A Famine Menu — A Bare-Bones Food Storage Plan

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famine menu food storage


I found this “famine menu” on a political forum, of all things, several years ago. There was no link to an original post nor was any author listed. I liked the plan and wanted to share it because too many Americans see the need to prepare but can’t. The paycheck, if there is one, doesn’t come anywhere near to meeting the necessities.

On this one-year famine menu food storage plan you’ll find very basic foods that are available anywhere. If you’re using an EBT card currently, buying a few of these items each month will barely make a dent. Once you have these items in place, you can always begin to add additional foods that you and your family enjoy. I’d recommend adding additional meat and chicken, either freeze dried or home canned. (Read this article on home canning meats. When you can buy meat or chicken cheaply enough, this is a great way to stash some away for emergencies.)

Keep in mind that every food storage plan must be customized to your own circumstances. If someone in your family is allergic to one of the items on the list, buy less or substitute something else. Stock up on the spices you use most. Those vary from family to family.

If you’d like a printable of this list, click here.

The Famine Menu Food Storage Plan

Per day for one person

3 slices of whole wheat bread (lunch and dinner)

1 pot of oatmeal (breakfast, vary with spices and fruit from the orchard or dehydrated or nuts)

1 pot of rice (dinner)

1 pot of beans (dinner, vary with spices and vegetables from the garden)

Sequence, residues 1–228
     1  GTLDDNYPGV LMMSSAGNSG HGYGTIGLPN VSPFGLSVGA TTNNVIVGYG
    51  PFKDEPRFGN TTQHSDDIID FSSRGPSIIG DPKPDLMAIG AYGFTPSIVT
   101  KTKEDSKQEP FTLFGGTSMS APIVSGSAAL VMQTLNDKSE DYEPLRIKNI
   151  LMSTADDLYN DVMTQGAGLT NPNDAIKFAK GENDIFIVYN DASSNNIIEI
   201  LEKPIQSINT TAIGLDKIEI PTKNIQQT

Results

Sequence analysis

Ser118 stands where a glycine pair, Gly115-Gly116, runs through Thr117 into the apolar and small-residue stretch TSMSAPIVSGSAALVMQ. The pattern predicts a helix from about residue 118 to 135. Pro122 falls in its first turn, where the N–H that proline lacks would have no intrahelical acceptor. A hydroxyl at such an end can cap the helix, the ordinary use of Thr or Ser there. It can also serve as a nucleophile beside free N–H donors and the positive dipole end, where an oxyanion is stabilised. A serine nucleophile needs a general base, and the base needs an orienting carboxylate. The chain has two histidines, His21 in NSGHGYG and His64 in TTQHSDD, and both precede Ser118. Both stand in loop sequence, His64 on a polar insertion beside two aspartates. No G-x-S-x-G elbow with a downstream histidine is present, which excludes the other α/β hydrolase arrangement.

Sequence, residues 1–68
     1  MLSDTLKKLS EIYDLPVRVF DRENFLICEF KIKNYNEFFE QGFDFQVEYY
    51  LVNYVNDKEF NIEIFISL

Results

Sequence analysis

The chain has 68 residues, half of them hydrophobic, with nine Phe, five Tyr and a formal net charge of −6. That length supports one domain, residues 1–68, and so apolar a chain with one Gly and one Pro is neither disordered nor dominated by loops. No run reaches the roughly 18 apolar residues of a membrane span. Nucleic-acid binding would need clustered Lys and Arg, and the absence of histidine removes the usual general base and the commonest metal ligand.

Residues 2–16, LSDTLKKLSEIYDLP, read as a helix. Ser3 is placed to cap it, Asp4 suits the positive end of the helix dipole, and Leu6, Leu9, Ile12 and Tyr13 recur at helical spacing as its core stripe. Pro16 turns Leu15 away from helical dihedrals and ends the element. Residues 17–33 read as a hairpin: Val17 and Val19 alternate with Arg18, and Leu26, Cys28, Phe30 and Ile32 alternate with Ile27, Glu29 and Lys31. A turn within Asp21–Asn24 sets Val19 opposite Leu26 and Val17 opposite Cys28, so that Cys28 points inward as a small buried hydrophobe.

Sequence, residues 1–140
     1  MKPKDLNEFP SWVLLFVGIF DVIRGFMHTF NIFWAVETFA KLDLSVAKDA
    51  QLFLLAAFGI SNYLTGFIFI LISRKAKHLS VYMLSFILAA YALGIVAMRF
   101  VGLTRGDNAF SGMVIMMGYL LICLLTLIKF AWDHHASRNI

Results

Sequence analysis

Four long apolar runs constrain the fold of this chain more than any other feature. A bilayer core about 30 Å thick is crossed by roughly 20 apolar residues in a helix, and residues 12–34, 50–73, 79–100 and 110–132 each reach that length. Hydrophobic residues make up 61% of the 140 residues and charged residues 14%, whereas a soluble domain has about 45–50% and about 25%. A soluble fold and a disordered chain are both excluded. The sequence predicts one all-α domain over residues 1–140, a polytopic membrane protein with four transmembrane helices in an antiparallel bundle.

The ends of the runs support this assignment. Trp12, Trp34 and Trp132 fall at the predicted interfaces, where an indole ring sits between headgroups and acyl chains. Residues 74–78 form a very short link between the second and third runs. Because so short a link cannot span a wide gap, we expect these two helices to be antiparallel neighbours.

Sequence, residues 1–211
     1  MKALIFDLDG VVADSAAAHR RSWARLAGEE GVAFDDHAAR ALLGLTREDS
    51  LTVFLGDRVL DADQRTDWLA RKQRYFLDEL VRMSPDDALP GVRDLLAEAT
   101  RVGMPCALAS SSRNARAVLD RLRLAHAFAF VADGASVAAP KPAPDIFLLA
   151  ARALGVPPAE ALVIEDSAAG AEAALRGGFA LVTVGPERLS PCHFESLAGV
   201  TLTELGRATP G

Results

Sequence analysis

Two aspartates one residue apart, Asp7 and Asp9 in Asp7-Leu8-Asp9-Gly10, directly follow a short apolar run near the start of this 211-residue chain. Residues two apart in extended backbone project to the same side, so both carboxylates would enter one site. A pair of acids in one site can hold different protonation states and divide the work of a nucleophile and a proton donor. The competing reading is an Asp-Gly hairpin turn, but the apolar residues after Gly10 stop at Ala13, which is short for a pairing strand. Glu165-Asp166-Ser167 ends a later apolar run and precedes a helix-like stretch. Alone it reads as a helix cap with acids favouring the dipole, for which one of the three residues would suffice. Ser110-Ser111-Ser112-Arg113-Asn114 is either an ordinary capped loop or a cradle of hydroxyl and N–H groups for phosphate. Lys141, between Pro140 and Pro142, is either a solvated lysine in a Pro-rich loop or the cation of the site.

1 glass of milk

In addition per week

1 pint of jam

1 jar of peanut butter

1 spaghetti dinner with hamburger

4 pots of soup (From leftovers and Soup for A Year)

7 jar sprouting seeds rotation

In addition per month

1/2 -#10 can popcorn

1 can potato flakes

1 can refried Beans

1 can white flour

Shopping list: Amounts to store for one Person, two persons, three persons, four persons. This is for a year’s worth of food.


Wheat:  90 lbs, 168 lbs, 252 lbs, 366 lbs

Rolled oats:  24 lbs, 48 lbs, 72 lbs, 96 lbs

Rice:  60 lbs, 120 lbs, 180 lbs, 240 lbs


Dry beans:  60 lbs, 120 lbs, 180 lbs, 240 lbs

Refried beans:  24 lbs, 48 lbs, 72 lbs, 96 lbs

Peanut butter: 17 lbs,34 lbs, 52-16 oz, 52-16 oz jars

Canned hamburger and other meats:  52 pints


White flour:  48 lbs, 96 lbs, 144 lbs, 192 lbs

Granulated sugar:  40 lbs, 80 lbs, 120 lbs, 160 lbs

Oil:  9 Quarts, 18 Qts, 18 Qts, 18 Qts

Yeast:   2 lbs, 4 lbs, 8 lbs, 8 lbs

Salt:  8 lbs

Honey:  18 lbs, 36 lbs, 57 lbs, 57 lbs

Powdered milk: 16 lbs (kids 32 lbs), 32 lbs, 48 lbs, 64 lbs


Potato flakes: 18 lbs, 36 lbs, 54 lbs, 72 lbs

Spaghetti sauce:  52 Quarts

Spaghetti noodles;  60 lbs, 120 lbs, 180 lbs, 240 lbs


Multi-vitamins:  365, 730, 1095, 1460

Popcorn:  #10 cans, 6

Fruit jam:  52 Pints (one per week)

Sprouting seeds (Wheat, beans, seeds), 40 lbs, 80 lbs, 120 lbs, 160 lbs

In a dire emergency, you may not have electricity, or it could be subject to black-outs. In that case, start your famine menu using lesser amounts of food than you’ll need, since you won’t be able to refrigerate the leftovers. With each meal, add a little more food until you’re consuming everything within one day and tummies are all fairly satisfied.

50 thoughts on “A Famine Menu — A Bare-Bones Food Storage Plan”

  1. How do you begin when you have lots of food allergies. I can no longer eat most of my storage. 🙁 I am allergic to gluten, al night shades, all legumes including soy and peanuts, oatmeal, all diary, and the jury is still out on corn and eggs. I eat very autoimmune paleo. Any advice or direction?

    1. The Survival Mom

      Keep what you already have stored, if you can. You can use it as a barter currency if that ever becomes necessary. So many people nowadays have food sensitivities, and when storing food, you have to take that into consideration. This Famine Menu is middle of the road, cheap, and assumes no one is sensitive to wheat, oats, etc. Your own food storage plans should start with the very simplest meals you make. List those meals/recipes and look for ones that only include ingredients that can be stored long-term. Start buying those ingredients and keep them stored in the coolest and darkest place in the house. Because your choices are limited, your meals may become boring if you ever have to rely on these foods for survival, but at least your health won’t be compromised.